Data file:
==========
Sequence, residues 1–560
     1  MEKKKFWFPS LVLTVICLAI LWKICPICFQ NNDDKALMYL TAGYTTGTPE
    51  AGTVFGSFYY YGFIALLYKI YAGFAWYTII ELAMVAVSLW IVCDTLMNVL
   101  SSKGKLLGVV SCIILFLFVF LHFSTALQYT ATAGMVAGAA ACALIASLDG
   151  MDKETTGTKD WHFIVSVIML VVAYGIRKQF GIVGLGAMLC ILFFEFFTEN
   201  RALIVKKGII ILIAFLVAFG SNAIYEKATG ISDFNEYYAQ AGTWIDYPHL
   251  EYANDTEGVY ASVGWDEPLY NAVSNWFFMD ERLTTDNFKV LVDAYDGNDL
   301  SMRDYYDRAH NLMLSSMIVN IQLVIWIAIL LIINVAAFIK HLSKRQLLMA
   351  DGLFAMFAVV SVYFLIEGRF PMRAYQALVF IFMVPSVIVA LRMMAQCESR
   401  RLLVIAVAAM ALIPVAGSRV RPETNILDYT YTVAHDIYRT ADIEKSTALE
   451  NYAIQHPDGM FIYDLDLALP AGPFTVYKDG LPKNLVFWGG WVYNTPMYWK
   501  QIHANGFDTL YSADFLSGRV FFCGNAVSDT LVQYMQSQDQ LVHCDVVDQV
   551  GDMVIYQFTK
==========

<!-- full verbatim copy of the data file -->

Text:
Sequence, residues 1–560
     1  MEKKKFWFPS LVLTVICLAI LWKICPICFQ NNDDKALMYL TAGYTTGTPE
    51  AGTVFGSFYY YGFIALLYKI YAGFAWYTII ELAMVAVSLW IVCDTLMNVL
   101  SSKGKLLGVV SCIILFLFVF LHFSTALQYT ATAGMVAGAA ACALIASLDG
   151  MDKETTGTKD WHFIVSVIML VVAYGIRKQF GIVGLGAMLC ILFFEFFTEN
   201  RALIVKKGII ILIAFLVAFG SNAIYEKATG ISDFNEYYAQ AGTWIDYPHL
   251  EYANDTEGVY ASVGWDEPLY NAVSNWFFMD ERLTTDNFKV LVDAYDGNDL
   301  SMRDYYDRAH NLMLSSMIVN IQLVIWIAIL LIINVAAFIK HLSKRQLLMA
   351  DGLFAMFAVV SVYFLIEGRF PMRAYQALVF IFMVPSVIVA LRMMAQCESR
   401  RLLVIAVAAM ALIPVAGSRV RPETNILDYT YTVAHDIYRT ADIEKSTALE
   451  NYAIQHPDGM FIYDLDLALP AGPFTVYKDG LPKNLVFWGG WVYNTPMYWK
   501  QIHANGFDTL YSADFLSGRV FFCGNAVSDT LVQYMQSQDQ LVHCDVVDQV
   551  GDMVIYQFTK